If you’ve ever felt the draw of endurance sports, there a good chance that cycling in one form or another has made its way into your regimen. Whether it’s road, mountain, or BMX, the application of two wheels to the earth is quite appealing to people, especially those who may crave a bit more speed than running, rowing, or swimming can offer.
The mechanical advantage that cycling provides can make for great touring, sight-seeing, or a killer workout. However, too much time in the saddle for sport specific conditioning can come with its own issues. From excessive quad dominance, trouble maintaining good posture, and a lack of upper body strength.
This is the reason so many cyclists have turned to indoor rowing as a means of cross-training for their sport. Because while cycling can provide insane anaerobic and aerobic workouts it’s not without its need for balance and this is where rowing comes in.
Photo credit: trainingpeaks.com
Take a look at this photo showing the muscles used and when in the pedal stroke. Take note that nothing takes place above the waist. That includes back or trunk muscles, or arms. It’s all in the legs. Which will do a great job for your legs but can leave the rest of your body wanting for some attention.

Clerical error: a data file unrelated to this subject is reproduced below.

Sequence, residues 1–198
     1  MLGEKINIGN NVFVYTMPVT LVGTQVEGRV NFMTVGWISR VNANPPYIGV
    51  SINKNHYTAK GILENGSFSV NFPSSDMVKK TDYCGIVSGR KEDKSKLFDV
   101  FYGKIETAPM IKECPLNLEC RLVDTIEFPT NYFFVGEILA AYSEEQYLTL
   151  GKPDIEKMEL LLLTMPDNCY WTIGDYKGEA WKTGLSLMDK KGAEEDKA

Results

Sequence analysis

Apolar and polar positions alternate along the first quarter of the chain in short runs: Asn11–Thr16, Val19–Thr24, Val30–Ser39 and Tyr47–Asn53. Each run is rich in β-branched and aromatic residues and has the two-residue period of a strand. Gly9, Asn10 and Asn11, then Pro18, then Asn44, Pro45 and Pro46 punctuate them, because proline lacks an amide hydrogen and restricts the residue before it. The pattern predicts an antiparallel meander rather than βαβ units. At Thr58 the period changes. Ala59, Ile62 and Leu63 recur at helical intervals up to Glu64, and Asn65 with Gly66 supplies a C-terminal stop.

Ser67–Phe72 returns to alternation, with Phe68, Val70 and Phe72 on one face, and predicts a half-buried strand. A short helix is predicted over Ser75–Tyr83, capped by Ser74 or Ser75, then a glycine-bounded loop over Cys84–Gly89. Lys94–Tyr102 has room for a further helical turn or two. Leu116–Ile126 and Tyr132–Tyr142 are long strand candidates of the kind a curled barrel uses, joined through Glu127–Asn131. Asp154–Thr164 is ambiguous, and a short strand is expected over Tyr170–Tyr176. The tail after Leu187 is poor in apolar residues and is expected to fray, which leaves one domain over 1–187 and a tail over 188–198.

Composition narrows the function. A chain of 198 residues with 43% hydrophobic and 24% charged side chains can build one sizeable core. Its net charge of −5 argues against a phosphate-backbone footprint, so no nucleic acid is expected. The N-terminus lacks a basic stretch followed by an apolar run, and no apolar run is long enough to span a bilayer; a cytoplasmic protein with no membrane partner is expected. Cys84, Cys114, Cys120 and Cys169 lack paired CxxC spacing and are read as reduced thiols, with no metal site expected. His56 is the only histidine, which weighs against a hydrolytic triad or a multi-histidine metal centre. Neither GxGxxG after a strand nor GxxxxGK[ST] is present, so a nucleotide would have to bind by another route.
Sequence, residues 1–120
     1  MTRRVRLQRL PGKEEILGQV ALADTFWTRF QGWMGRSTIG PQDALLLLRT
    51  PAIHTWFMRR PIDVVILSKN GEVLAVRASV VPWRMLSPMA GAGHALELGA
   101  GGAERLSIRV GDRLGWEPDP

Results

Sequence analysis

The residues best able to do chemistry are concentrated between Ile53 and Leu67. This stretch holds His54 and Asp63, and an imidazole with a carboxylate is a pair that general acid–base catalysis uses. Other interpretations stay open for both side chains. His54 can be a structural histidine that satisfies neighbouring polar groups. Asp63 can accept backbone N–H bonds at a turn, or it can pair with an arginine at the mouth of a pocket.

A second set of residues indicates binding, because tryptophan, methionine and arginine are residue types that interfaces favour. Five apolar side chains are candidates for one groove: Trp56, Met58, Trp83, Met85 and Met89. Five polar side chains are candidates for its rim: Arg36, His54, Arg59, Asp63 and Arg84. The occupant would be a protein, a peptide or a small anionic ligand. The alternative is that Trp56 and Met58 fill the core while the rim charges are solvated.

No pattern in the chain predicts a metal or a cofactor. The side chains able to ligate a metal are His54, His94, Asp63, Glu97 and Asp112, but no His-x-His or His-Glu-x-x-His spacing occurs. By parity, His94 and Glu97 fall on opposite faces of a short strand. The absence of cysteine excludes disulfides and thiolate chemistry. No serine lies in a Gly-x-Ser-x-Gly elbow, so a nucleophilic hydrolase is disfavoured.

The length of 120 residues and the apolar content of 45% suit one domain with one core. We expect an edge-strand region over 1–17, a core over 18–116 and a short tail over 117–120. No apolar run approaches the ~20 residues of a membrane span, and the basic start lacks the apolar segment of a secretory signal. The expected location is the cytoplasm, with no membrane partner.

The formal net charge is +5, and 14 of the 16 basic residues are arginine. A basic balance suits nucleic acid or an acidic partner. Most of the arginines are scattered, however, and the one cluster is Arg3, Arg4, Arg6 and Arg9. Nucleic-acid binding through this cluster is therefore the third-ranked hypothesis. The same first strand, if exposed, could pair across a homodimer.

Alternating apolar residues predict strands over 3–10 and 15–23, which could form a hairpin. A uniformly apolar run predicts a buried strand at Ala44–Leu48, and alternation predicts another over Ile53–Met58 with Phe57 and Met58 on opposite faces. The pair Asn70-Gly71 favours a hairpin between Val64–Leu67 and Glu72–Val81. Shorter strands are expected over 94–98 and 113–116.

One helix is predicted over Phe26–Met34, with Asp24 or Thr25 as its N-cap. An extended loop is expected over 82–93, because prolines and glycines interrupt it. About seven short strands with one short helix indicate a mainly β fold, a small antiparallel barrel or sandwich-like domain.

On the indoor rowing machine, the entire body is required during the phases of the stroke to do work. It asks that you are responsible for your own movement and use your own musculature to stay in control. It also places a demand for work on almost every muscle in the body which means your trunk, your back, and your arms will get stronger. It’s for this reason, we say that rowing is a strength endurance sport. You’ll develop a strong aerobic base WHILE getting stronger.
As cyclists have seen the need to maintain a balanced body and develop strengths that will complement their time on the bike, it’s become apparent that indoor rowing helps to build those parts of their bodies that cycling just can’t touch while allowing them to further develop their aerobic systems in a way that will only benefit their sport specific work.
If you’re not spending your cycling time focusing on your weaknesses you’re openly allowing a gap in your performance that could move you ahead of the pack by developing strengths others just can’t find with all of their miles on the bike. If cycling is your sport of choice seriously consider indoor rowing as a means of building your weaknesses into strengths and perhaps improving your performance along the way.
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